First few basic questions, who are you, what are you doing, where are you coming from?
I’m Ewan Aparicio, I’m a collage artist and publisher based in London. I don’t have any formal art background, I started doing collage as a hobby until it became something I do in almost all my free time. I get the urge to be creative and productive regularly and found that this was the best way to express that.
Input Error, my website, is where I release art zines and books primarily focused on collage, but there have also been books geared towards illustration and photography. There have been solo books of my own art and other artists, as well as multi-artist books that I’ve compiled.
How would you describe the Input Error’s curatorial identity?
A large motivating factor behind starting the site was to publish work by artists that I really admired, so a key part of that identity would be my own personal tastes. Some people may describe it as ‘dark’ or ‘macabre’, and I’ve had those terms mentioned about my own work too, but personally I’ve never seen it that way. Collage can be a very diverse style of art, and I find I’ll often lean towards the more surreal or otherworldly images as they occupy a space that exists in our imaginations or dreams. That’s also reflected in the music and films that I watch, as sometimes ideas from those will bleed into my own work.
How did you start to create zines? And when the Input Error came into play?
The first thing I ever published, pre Input Error, was a zine of my own work called Planned Obsolescence in 2014. Looking back at it now I can see how my own work has formed more of its own style, as well as how I’ve improved in terms of doing the layouts!
After that, I started thinking about how there were so many artists whose work I wanted to see in printed form. For me, a physical format can bring out the best in art, so I started Input Error in or around 2015 and published the first of 5 issues of a zine called ‘Nothing/Forever’. I got to work with a lot of great artists and the reaction was really positive, with every issue selling out pretty fast. After that I started making larger books, speaking to more artists and publishing in full color, as previous zines had all been black and white. Then came solo books of other artists and eventually it snowballed. To date, I’ve published a total of 24 books and zines with more in the works right now.
What kind of creative process is it to make a zine? How easy is it to find or create the editorial ”red line” for each publication?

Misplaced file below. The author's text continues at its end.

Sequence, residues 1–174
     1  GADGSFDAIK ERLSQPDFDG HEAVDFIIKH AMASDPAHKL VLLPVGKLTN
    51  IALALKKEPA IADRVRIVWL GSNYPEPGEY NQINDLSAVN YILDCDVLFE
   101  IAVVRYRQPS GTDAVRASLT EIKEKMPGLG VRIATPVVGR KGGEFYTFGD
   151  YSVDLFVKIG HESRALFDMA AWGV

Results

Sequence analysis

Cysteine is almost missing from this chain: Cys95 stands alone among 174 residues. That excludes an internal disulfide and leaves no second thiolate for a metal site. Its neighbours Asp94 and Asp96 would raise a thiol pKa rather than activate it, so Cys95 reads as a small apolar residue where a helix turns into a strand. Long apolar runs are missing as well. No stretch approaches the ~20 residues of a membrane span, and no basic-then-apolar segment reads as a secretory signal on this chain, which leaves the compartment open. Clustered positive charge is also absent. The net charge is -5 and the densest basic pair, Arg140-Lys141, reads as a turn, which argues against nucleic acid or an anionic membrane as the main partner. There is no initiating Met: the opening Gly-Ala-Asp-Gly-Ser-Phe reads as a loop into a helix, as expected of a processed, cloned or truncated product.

There are some slight variations depending on whether its a single or multi-artist book, but for the most part, it involves curating pieces from an artist or artists, working on the layout on my laptop to pair pieces until I get the feel and flow I think works best. After that, there’s a lot of time spent getting all the images and files ready for the specifications needed to print them, which can be a little tedious but it’s an important part of making sure everyone’s work is best represented. I wouldn’t print my work if I wasn’t 100% happy with it, and I wouldn’t do the same for anyone else’s.
I don’t really have any red lines, other than the work needs to fit the page dimensions and I won’t publish any works with extreme violence or pornography.
When building a new zine, do you have a clear vision of the outcome? How much you curate the works?
When it comes to a solo artist’s book I’d say less of a vision as such, I prefer they submit works they feel best to represent them and I try to create a flow in the book that works. A good example would be the books of øjeRum’s artwork, as his pieces all exist in separate series where the works take on similar themes or source materials. From there it’s a case of pairing works that blend well either because of their color set, or where particular works might complement each other in terms of a narrative.
For my own solo books, I usually start working with specific materials or an idea, and when I feel I have created as much as possible from them I’ll begin compiling them. My book ‘Dead Reckoning’ was more focused on photo collage, like a scrapbook of ideas and juxtapositions of images around nature and decay. When that was complete I began using more imagery of statues and cemetery architecture, which led to ‘The Unconscious Cause’ book and more recent pieces.